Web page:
New Visitor’s…Please read the two paragraphs at the end of this column before beginning your explorations in theater, poetry, children’s literature, movies, television, books, and the Arts. It will say New Visitor’s Greeting and be in boldface. Please read the About comments in the upper index, also.
Important Columnist Note: I made a mistake trying to load this column yesterday. I sent messages to 45 of Jenny’s friends in Canada and then gave them the wrong access code. I will run the first story for two more days, so everyone can view it without going to a sub-level on my site. New ideas for today will follow my Mary Higgins Clark and Jenny Witterrick discussion. It will say New Ideas For Tuesday in boldface following their story.
A Good Day…It is a good day when you can spend thirty minutes talking books, creative projects, and vacation plans with Mary Higgins Clark and Jenny Witterick. This chance meeting could not have been planned to run any better. Mrs. Clark, the world-renowned author, just finished her new book Daddy’s Gone A Hunting and was looking forward to her vacation. She gladly shared ideas on her new writing as she expressed how relieved she was to finally finish her latest book. Her books have been impossible to put down. She is an outstanding writer. She looked outstanding in the picture above with Jenny Witterick, too. Her new book Daddy’s Gone A Hunting comes out April 9th.
Jenny Witterick is one of Canada’s most successful business-woman. Ms. Witterick’s success story should be followed and emulated by women everywhere. Research both the work she has accomplished heading Sky Investment Counsel Inc. (Sky) since 2004 and the path she forged years earlier in financial circles throughout Canada. It is an inspiring journey.
This vignette, however, is about Jenny’s writing not the money she has helped thousands to wisely invest. My Mother’s Secret is her new book. It is out March 25.
Anita Pyclik in an email to Jenny summed up Ms. Witterick’s work far better than I could ever do. Jenny said I could share it in my column. She let me read it on her iPad. After reading what Anita said, I suggested to Jenny that she use Anita’s comments on her book cover or in her forward. After reading this moving description you will want to buy Jenny’s new book, immediately. I will let you know the publication date in a future column.
Anita said: Please find my heartfelt and honest thoughts on the novel, ‘My Mother’s Secret’ below:
When J. L. Witterick first handed me a copy of her manuscript, I was excited … but there was a bit of skepticism as well. As J. L. explained, her first novel ‘My Mother’s Secret’ was a story about the Holocaust of WWII … a truly tough subject for anyone. Having completed a double major in History and Theology, I like to think of WWII novels as something that I have already read thoroughly. In my years of study, I must have covered countless topics, each providing me with vivid details and horrific accounts of the holocaust.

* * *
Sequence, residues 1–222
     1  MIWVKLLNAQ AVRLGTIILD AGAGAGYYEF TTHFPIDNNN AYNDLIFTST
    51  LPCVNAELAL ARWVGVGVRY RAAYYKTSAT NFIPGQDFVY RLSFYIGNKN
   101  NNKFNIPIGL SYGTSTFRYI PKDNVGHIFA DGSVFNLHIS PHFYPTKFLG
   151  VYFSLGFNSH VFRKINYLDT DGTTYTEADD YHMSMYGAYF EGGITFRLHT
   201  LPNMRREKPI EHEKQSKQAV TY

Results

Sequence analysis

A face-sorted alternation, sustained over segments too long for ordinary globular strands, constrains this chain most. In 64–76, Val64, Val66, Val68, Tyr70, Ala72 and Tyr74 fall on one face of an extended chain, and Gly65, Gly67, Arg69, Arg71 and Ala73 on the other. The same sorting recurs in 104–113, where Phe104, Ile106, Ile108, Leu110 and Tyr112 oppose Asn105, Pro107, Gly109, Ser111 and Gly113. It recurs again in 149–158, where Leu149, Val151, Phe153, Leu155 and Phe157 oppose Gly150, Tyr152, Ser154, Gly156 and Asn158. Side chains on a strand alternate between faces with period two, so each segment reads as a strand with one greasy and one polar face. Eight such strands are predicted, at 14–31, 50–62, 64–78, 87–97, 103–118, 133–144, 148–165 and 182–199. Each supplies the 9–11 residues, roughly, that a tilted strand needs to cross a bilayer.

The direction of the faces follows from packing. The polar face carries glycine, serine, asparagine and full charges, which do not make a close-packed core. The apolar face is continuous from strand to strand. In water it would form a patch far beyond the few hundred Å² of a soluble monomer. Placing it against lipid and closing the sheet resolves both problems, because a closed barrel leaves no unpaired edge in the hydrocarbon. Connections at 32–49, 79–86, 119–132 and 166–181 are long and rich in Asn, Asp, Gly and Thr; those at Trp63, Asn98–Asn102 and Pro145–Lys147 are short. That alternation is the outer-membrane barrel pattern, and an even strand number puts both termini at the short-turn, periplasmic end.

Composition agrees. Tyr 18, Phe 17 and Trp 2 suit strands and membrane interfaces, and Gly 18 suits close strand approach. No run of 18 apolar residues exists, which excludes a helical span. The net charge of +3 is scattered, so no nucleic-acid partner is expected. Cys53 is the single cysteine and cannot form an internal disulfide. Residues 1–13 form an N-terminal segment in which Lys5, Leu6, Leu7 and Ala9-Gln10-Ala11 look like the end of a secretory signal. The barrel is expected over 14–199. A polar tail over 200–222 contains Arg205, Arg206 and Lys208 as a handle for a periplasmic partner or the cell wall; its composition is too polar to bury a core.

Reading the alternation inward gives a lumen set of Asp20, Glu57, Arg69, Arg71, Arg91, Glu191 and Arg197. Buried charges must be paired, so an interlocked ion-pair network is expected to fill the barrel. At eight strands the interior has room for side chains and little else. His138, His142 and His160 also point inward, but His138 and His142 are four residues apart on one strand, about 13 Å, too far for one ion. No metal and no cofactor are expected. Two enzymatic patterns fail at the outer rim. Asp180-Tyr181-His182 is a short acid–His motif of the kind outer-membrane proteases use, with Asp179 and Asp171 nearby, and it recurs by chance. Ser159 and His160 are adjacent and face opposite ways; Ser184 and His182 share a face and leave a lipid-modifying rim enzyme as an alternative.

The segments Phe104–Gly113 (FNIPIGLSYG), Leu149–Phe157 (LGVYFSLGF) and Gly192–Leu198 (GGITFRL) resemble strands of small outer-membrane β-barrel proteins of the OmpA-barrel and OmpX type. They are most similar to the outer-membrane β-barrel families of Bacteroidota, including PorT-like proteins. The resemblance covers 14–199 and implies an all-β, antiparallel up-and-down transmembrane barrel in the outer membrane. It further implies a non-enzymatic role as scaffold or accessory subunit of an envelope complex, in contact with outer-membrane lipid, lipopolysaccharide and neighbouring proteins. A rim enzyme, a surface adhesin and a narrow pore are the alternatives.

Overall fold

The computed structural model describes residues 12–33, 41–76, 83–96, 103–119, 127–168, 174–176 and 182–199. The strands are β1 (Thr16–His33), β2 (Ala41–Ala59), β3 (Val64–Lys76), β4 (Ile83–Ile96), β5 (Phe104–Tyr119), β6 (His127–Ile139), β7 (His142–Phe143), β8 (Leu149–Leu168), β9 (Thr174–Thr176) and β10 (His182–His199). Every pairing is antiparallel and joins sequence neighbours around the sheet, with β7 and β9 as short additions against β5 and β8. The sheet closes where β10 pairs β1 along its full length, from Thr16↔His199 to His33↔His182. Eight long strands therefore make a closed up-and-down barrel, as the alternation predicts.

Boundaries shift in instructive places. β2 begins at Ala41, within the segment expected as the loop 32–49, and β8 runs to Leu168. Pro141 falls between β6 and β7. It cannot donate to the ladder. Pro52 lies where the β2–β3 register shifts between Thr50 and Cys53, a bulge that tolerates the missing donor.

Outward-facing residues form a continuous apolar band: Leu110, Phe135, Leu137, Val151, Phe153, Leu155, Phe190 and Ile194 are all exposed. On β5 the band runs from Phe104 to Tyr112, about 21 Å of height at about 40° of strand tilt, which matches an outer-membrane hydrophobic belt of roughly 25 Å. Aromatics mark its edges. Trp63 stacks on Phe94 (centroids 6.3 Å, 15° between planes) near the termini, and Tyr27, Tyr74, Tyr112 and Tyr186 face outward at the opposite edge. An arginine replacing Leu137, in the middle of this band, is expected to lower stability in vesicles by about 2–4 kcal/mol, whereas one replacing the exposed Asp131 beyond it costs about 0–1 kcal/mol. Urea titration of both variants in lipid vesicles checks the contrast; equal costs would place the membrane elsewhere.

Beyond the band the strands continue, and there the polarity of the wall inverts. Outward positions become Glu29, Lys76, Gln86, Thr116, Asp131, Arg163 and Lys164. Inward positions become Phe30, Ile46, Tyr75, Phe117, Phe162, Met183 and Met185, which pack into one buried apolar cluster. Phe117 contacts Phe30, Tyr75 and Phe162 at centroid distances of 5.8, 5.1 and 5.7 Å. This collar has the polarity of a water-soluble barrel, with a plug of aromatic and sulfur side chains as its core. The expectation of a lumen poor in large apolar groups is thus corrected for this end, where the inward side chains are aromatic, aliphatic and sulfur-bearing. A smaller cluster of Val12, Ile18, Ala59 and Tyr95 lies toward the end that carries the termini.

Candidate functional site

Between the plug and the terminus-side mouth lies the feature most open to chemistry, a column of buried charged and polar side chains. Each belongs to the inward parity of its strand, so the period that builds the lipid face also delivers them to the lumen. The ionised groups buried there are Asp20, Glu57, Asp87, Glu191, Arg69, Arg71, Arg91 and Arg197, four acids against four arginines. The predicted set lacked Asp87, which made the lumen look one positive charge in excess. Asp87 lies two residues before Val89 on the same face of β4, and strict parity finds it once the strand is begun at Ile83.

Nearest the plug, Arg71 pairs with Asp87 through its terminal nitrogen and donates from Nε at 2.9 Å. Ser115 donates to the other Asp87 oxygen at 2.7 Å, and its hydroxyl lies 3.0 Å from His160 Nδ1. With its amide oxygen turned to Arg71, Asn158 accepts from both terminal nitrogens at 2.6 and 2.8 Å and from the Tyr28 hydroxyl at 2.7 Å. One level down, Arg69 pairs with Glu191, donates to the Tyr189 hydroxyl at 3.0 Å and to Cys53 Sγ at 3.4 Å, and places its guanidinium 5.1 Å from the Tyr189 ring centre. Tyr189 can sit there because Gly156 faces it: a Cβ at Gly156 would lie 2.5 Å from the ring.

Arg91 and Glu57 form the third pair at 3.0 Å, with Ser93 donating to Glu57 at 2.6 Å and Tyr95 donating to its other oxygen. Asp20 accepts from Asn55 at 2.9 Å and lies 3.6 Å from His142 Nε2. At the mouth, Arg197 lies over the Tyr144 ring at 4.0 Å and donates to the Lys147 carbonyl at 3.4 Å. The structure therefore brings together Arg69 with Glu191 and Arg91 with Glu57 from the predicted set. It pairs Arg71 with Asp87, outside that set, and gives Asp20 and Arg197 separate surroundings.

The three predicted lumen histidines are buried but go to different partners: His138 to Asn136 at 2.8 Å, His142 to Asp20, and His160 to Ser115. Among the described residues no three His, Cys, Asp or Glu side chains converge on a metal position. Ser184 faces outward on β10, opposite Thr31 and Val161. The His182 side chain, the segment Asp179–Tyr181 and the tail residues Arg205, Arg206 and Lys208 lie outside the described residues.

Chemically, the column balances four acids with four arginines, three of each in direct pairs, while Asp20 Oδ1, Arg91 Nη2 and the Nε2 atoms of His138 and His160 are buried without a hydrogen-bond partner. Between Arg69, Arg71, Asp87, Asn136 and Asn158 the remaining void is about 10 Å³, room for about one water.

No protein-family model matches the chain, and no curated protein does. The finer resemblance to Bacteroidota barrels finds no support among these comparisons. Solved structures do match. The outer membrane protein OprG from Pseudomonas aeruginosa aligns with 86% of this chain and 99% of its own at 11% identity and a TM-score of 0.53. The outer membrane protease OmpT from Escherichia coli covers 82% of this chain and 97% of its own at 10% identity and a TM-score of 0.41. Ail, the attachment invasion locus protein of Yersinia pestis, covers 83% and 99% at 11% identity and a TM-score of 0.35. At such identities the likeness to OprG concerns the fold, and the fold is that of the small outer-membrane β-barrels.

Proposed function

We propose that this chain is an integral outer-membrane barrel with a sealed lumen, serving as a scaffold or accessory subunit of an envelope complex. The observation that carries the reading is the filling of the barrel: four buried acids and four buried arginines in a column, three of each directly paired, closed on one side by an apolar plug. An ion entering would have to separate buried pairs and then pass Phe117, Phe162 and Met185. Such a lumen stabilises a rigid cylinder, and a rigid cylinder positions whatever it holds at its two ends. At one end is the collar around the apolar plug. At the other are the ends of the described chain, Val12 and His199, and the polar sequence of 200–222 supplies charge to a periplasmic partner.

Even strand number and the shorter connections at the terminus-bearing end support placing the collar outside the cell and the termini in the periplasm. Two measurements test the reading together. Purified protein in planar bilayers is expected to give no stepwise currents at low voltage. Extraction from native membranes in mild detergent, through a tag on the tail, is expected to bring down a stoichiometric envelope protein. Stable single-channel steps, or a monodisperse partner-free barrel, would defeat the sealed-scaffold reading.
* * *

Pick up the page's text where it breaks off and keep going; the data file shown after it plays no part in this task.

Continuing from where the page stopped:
Nevertheless, having been born in Poland and coming from a strong Polish background, I started to read out of nostalgia. Unexpectedly, I could not stop once I started and continued to read for almost the full day until I finished. I did not want to leave one word behind. J. L.’s book has an incredible capability to draw you in. The story is about compassion and our hope for humanity all in one. I felt emotional and proud to be reading this book on heroism, love and hope during a dark time in history that aimed to destroy all such notions.
Coming from a Christian-Polish background, I do not have any ties to Judaism … so perhaps many will wonder why this book appeals to me? This book is not just a tale about how Jewish families were saved by a Polish woman. It is the story about a compassionate and brave soul, who in the midst of the horrors around her, still followed her conscience. You do not have to be Jewish, or religious, or a history enthusiast to have this novel appeal to you. It will seep into your heart and stir up powerful and beautiful emotions, no matter who you are or where you come from.
At first glance the novel seemed short to me, but I realized by the time I completed one third of it that J. L. did exactly what a powerful and memorable book does … it leaves you in awe! Sometimes this can happen 50 pages into a book, sometimes 400 pages, and sometimes not at all. But just a few chapters into J. L.’s book and I felt a swell of inspiration … a moment where I was deeply moved and intrigued and I dare not put the book down. J. L. filled the book with such powerful characters, drawing on facts, data, accounts, emotions and of course love.
I can see this novel changing and touching many hearts … including mine. I wish nothing more than to see ‘My Mother’s Secret’ have the same effect on millions as it did for me.
Tom’s addition…This book is meant to be inspirational. Jenny has, therefore, committed 100 percent of her royalties from books sold at Indigo/Chapters to the Love of Reading Foundation. This Foundation, like Philadelphia Reads, buys books for kids who can’t afford them. Books that are sold through other channels will go to various other charities such as Girls Helping Girls, ALS research, CISEPO, Transplant Research Foundation of Canada, and the Max and Beatrice Wolfe Children’s Centre. Jenny says, “Doing good feels good.”